A new method for evaluating flowering synchrony to support the temporal isolation of genetically modified crops from their wild relatives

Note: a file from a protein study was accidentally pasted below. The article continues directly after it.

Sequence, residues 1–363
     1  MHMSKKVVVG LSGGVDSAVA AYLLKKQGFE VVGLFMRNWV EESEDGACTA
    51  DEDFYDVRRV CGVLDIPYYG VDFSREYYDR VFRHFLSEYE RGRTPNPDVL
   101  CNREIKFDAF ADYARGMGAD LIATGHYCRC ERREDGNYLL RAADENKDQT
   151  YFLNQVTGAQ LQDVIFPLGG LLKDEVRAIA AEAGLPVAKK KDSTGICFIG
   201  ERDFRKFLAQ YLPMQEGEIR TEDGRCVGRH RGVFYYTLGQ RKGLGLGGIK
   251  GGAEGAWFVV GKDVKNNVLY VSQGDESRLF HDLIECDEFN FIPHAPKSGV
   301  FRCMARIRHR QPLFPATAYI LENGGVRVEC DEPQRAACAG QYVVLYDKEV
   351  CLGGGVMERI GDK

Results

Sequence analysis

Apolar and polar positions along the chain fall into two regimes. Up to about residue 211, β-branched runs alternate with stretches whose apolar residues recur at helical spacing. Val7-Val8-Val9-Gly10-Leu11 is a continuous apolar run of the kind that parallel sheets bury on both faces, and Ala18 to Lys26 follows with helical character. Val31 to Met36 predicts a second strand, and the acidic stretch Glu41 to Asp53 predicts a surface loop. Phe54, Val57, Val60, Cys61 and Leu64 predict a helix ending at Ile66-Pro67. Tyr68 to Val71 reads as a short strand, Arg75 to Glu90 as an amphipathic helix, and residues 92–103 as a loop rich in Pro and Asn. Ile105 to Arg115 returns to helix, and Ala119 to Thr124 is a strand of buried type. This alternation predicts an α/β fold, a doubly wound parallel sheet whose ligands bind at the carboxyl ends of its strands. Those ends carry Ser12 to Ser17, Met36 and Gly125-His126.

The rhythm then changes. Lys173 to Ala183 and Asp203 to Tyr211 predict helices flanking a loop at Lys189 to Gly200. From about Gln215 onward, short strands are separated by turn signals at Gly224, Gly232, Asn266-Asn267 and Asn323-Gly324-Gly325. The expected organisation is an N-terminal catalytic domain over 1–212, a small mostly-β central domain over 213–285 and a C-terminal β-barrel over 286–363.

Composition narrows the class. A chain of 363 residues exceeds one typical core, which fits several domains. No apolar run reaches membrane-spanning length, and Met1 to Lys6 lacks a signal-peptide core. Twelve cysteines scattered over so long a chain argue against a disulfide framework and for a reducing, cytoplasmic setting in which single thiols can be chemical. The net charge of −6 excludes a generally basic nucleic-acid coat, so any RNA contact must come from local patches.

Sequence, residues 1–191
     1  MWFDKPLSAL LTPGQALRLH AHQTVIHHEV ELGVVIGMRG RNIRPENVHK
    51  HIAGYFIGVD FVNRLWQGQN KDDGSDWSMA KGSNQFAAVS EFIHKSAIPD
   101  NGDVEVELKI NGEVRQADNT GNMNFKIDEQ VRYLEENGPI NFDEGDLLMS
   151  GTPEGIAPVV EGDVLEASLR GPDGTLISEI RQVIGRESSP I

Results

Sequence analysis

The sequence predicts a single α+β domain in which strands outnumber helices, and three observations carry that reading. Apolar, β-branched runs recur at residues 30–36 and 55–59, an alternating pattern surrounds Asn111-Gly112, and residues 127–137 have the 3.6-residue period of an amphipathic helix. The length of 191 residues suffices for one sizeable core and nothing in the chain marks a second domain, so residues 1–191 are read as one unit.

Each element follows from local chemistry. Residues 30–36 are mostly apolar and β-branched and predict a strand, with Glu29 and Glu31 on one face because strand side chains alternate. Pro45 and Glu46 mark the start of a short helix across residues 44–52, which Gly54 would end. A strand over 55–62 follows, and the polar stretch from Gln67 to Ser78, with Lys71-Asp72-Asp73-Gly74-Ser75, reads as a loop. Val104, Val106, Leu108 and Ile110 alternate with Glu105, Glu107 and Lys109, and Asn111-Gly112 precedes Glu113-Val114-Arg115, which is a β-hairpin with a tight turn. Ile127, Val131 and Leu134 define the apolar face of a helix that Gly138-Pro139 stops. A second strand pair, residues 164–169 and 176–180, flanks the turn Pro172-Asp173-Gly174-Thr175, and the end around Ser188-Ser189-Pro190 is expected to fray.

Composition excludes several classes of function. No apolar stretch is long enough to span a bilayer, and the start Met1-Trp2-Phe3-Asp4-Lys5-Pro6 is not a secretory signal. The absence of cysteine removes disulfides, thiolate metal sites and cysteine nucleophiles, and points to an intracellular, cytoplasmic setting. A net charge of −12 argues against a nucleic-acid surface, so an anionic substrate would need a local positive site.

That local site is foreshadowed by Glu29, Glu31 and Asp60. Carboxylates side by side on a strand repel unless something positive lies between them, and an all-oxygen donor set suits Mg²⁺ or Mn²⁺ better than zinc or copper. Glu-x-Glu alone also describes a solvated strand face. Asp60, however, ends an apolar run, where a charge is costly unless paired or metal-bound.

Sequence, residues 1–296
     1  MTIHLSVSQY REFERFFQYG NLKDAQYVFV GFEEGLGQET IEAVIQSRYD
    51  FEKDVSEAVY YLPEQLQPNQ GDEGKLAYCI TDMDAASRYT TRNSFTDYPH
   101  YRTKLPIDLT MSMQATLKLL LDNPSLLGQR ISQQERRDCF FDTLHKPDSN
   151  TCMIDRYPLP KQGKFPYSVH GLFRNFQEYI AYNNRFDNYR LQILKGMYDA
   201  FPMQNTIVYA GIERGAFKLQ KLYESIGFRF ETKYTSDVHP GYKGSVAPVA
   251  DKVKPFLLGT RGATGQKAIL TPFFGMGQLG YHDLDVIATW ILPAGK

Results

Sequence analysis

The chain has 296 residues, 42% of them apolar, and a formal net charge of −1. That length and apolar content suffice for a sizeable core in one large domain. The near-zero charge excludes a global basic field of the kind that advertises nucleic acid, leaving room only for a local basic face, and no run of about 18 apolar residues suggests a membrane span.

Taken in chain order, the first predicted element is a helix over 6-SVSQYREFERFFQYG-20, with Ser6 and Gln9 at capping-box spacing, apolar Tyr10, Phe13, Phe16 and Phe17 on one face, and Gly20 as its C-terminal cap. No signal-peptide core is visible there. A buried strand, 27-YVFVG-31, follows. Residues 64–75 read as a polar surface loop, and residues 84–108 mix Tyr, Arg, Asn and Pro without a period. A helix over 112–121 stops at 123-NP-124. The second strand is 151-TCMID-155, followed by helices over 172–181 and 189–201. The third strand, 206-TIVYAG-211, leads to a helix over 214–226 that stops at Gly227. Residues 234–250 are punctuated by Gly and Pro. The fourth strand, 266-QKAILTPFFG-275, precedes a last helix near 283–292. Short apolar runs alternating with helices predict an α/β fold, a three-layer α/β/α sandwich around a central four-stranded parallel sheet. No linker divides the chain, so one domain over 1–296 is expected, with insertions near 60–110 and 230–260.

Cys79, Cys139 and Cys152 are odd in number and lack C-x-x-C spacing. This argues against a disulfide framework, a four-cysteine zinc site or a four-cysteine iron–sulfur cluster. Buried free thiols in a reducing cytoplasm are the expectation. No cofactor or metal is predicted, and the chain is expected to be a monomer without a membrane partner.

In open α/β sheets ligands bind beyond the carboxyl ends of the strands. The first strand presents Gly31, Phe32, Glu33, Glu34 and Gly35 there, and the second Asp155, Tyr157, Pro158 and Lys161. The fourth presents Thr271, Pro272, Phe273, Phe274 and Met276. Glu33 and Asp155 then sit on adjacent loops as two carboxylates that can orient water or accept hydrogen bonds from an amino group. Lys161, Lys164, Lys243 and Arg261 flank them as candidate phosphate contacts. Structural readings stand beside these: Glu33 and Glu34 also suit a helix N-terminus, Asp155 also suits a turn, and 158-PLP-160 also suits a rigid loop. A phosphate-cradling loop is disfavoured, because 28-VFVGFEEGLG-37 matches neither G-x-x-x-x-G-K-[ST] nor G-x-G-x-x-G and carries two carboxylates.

We present the first study on cross-fertilization between Bt and conventional maize in real situations of coexistence in two regions in which Bt and conventional maize were cultivated. A map was designed and the different crops were identified, as were the sowing and flowering dates, in Bt and conventional maize fields. These data were used to choose the non-transgenic fields for sampling and analysis by the real-time quantification system-polymerase chain reaction (RTQ-PCR) technique. In general, the rate of cross-fertilization was higher in the borders and, in most of the fields, decreased towards the centre of the field. Nine fields had values of genetically modified organism DNA to total DNA of much lower than 0.9%, whereas in three the rate was higher. Some differences were found when comparing our results with those of common field trials. In real conditions of coexistence and in cropping areas with smaller fields, the main factors that determined cross-pollination were the synchronicity of flowering and the distances between the donor and receptor fields. By establishing an index based on these two variables, the rate of the adventitious presence of genetically modified maize could be predicted, as well as the influence of other factors. By applying this index, and in the case of a fully synchronous flowering time, a security distance between transgenic and conventional fields of about 20 m should be sufficient to maintain the adventitious presence of genetically modified organisms as a result of pollen flow below the 0.9% threshold in the total yield of the field.